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Rod gets Nod

1-31-02, 6:35 p.m.


NEW ORLEANS _From Street Free Agent to Super Bowl Starter: The Rod Jones Story.

Rams head coach Mike Martz delivered the network script just in time for the biggest TV day of the year Thursday when he named Jones his starting right tackle for Sunday's Super Bowl XXXVI here against the Patriots.

The move culminated Jones' Disney Channel season that began with him holed up in an Illinois hotel virtually certain he would retire a month after the Bengals released him.

The move also crushed Ryan Tucker, the starter at right tackle all season until he injured his ankle in the third quarter of the Jan. 6 regular-season finale.

The move also seemed to indicate that the Rams' coaches feel Jones, after struggling so badly as the Bengals starting left tackle last season, is simply the better right tackle at the moment to blunt New England's array of schemes with brute strength in St. Louis' bid for their second NFL title in three years.

Jones is getting ready for Patriots head coach Bill Belichick to test the new guy on the line with a bevy of blitzes that include picking off the tackles.

"Tuck still has an issue with his ankle," Martz said. "Rod played so well last week, he deserves this opportunity. Rod played exceptionally well."

With left tackle Orlando Pace sidelined until Friday with a sprained knee, Tucker and Jones, also hampered by a sore groin, were the tackles in Wednesday's practice at the Saints' facility. Tucker thought he had worked well enough to get the nod and was disappointed, but philosophical.

"Rod is going to have to be a lot better," Tucker said before Thursday's practice. "Yesterday, he really couldn't even push off that leg. We'll see.

"I'm happy for Rod. He's playing well," Tucker said. "He's playing with confidence. I practiced the whole day. . .I thought I did a good job. I had two practices in about a month and they kind of expected a little more out of you in the Super Bowl. Rod has three weeks of solid practice."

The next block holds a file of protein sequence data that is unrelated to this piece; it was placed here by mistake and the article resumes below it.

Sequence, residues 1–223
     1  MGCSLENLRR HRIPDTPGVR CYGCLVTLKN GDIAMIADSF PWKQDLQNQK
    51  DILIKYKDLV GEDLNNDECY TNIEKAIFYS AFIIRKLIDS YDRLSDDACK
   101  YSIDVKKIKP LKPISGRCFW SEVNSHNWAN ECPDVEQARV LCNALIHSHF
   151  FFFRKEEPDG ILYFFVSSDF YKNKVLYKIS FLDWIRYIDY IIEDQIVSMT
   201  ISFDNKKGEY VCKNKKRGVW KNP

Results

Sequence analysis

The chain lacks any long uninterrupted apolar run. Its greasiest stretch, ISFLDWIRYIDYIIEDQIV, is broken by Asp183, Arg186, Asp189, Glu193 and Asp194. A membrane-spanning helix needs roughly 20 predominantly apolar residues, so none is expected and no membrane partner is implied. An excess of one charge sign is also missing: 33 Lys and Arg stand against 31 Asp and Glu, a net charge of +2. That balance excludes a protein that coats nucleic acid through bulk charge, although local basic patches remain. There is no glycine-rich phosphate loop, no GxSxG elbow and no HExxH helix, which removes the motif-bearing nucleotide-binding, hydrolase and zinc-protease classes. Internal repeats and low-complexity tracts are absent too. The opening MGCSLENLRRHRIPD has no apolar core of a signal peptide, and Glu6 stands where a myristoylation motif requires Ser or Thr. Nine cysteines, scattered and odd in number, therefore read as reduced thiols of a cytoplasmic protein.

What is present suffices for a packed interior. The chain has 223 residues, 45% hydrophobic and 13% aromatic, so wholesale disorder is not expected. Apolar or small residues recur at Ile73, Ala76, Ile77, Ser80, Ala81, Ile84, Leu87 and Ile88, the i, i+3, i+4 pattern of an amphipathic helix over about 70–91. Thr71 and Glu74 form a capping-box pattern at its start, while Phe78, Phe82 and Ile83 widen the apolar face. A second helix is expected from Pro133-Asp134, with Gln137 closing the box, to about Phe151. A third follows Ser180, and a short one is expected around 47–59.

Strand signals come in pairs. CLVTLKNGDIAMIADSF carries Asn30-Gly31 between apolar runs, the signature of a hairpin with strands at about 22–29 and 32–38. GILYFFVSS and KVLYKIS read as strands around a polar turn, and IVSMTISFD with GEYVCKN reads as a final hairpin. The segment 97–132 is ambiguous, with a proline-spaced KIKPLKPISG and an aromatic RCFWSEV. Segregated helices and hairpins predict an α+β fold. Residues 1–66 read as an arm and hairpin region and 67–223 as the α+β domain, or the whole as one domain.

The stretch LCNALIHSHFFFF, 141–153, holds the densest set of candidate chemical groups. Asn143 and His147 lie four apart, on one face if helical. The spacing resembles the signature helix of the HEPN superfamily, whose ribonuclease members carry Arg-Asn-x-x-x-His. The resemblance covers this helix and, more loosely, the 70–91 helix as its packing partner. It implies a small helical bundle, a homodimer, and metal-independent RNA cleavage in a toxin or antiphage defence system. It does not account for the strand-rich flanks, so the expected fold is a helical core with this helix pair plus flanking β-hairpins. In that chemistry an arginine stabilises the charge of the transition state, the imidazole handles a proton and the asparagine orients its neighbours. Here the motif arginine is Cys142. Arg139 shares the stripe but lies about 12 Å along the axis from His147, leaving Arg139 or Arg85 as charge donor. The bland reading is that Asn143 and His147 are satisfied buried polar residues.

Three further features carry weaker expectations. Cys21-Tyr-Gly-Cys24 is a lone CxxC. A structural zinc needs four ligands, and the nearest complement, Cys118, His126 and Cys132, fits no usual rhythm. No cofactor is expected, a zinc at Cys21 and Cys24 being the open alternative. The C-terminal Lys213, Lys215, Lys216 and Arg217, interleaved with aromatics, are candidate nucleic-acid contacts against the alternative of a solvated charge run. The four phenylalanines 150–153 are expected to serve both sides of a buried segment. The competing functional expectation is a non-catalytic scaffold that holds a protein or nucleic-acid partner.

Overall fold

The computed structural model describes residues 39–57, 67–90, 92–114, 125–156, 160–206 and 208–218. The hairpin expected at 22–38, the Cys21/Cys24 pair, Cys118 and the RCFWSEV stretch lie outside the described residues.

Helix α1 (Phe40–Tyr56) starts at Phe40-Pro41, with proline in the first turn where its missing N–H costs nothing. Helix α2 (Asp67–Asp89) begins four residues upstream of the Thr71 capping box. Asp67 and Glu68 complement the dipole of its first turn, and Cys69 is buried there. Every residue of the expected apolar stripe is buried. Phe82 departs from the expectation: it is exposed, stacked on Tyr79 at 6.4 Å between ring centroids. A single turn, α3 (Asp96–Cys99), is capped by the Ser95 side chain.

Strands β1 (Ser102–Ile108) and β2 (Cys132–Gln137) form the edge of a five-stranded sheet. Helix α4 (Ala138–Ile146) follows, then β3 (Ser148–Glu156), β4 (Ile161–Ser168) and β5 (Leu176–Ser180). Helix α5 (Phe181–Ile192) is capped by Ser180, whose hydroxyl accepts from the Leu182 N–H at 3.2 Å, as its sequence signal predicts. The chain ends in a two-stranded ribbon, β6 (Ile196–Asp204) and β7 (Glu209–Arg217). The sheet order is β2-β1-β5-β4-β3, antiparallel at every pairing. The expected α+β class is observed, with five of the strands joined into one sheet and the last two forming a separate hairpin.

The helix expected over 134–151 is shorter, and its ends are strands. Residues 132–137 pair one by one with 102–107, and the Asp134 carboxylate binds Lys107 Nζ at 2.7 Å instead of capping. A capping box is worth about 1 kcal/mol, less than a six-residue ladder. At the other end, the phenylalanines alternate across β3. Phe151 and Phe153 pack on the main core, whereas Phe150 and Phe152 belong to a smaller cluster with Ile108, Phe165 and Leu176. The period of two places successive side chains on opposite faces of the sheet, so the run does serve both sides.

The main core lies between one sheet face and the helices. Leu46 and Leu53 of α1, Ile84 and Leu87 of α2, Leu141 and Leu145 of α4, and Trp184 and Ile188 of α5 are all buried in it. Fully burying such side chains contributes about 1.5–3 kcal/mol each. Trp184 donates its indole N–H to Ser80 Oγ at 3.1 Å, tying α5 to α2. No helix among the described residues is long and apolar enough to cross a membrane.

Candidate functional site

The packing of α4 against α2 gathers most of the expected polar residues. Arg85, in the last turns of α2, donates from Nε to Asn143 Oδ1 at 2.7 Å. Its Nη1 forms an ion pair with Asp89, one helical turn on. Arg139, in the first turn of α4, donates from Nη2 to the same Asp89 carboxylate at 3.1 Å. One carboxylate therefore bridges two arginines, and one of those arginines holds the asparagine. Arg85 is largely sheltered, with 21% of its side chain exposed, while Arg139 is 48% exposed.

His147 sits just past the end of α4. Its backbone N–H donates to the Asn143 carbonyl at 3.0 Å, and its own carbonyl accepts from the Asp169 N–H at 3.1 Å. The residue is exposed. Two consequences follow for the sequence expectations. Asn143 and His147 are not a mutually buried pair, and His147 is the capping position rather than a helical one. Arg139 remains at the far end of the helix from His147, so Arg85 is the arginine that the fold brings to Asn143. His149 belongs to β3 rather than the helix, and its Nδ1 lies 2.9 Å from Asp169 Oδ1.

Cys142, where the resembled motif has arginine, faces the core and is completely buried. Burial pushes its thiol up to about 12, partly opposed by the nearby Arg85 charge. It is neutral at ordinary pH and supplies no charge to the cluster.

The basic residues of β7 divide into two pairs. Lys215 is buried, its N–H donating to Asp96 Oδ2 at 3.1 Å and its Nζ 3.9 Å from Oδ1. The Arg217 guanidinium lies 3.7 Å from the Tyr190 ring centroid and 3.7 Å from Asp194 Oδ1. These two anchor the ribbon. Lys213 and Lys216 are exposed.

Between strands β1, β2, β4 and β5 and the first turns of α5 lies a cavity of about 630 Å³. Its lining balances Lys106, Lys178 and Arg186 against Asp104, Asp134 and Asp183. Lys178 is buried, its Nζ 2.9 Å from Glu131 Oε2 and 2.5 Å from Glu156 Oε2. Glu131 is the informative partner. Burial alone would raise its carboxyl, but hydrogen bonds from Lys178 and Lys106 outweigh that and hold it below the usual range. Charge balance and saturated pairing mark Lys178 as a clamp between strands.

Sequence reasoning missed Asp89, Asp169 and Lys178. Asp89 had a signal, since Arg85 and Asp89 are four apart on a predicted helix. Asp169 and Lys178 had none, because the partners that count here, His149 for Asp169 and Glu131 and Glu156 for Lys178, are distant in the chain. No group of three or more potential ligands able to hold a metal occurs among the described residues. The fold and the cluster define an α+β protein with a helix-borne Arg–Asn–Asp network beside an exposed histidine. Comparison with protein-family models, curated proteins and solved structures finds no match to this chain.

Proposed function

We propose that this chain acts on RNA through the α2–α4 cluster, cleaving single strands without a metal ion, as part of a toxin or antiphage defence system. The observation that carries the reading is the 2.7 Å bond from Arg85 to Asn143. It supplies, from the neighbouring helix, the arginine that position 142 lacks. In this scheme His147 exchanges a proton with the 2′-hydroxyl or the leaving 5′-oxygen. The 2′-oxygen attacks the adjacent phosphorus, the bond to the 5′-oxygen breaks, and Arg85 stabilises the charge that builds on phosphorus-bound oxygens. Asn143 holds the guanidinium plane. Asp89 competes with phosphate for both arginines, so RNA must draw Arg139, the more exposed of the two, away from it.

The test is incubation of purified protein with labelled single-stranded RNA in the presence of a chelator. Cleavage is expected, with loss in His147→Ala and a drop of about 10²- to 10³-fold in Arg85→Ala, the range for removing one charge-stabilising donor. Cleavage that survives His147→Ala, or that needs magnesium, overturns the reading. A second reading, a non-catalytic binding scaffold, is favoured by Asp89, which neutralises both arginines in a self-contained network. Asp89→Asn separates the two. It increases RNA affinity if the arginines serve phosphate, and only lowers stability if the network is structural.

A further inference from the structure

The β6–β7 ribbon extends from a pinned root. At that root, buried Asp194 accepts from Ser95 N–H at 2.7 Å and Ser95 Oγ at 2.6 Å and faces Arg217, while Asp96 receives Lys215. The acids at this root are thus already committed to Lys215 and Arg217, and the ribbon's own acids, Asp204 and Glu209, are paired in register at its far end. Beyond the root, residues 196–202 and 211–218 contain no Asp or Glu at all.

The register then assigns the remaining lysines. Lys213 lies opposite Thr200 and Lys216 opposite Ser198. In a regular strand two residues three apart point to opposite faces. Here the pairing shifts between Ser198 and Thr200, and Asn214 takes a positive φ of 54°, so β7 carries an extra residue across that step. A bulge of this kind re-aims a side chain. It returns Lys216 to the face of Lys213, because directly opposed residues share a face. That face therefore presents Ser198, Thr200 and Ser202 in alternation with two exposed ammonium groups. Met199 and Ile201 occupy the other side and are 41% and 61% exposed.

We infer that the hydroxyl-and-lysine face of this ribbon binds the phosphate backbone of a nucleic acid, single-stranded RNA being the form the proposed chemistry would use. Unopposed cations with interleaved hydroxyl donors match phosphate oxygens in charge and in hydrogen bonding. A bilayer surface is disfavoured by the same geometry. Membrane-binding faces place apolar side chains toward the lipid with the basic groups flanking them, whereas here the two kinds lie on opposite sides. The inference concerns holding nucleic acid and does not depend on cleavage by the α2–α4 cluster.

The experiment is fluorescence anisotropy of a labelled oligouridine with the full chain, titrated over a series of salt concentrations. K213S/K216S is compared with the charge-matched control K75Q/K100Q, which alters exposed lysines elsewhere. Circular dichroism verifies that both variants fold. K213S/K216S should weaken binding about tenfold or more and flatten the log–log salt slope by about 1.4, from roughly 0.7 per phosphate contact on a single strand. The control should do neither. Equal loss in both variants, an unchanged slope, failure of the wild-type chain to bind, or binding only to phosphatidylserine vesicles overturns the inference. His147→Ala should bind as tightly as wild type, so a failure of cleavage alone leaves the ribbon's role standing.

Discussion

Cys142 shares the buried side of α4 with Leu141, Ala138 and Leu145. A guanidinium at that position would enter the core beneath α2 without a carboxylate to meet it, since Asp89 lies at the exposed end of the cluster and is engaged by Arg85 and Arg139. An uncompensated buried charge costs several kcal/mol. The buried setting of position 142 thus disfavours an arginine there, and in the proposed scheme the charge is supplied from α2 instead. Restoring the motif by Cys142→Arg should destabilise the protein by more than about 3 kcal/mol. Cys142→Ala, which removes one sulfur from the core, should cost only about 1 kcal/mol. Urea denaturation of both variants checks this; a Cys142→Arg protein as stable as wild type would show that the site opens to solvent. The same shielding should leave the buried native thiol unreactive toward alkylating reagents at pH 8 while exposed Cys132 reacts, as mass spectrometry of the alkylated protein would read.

Jones said the groin he injured in last week's NFC championship is improving and that it shouldn't be a problem. He may be numb to any kind of pain because he's been so happy all week as one of the best feel-good stories of this or any other Super Bowl. He didn't blink when asked if he could have handled this assignment a year ago.

"No. I know I couldn't," Jones said. "My confidence was terrible. I doubted

myself. I doubted whether or not I could play in this league any more. What a difference a day makes."

The day turned out to be a long day's journey into night. It all began before the 2000 season with a three-year, $9 million deal in Cincinnati. A balky knee marred his off-season training and his in-season problems earned him a benching and eventual release from the Bengals this past June.

Then when he felt empty and unfulfilled after the first day of training camp with his new team, Jones mulled retirement until the Rams sent him for a three-week stay with a sports psychologist.

But two weeks ago in the playoffs against the Packers, Jones started his second game of the season. In an Oct. 21 game against the Jets, Jones started a game the Rams punished New York for 234 rushing yards.

Then last week, Jones moved from right tackle to left when Pace got hurt as running back Marshall Faulk went over 150 yards rushing.

"It's crazy. I don't know how to respond," Jones said.

He knows the right response isn't getting too emotional and too excited and losing his focus. Like he did last year on the last play of the first half with the Bengals leading the Dolphins, 13-3.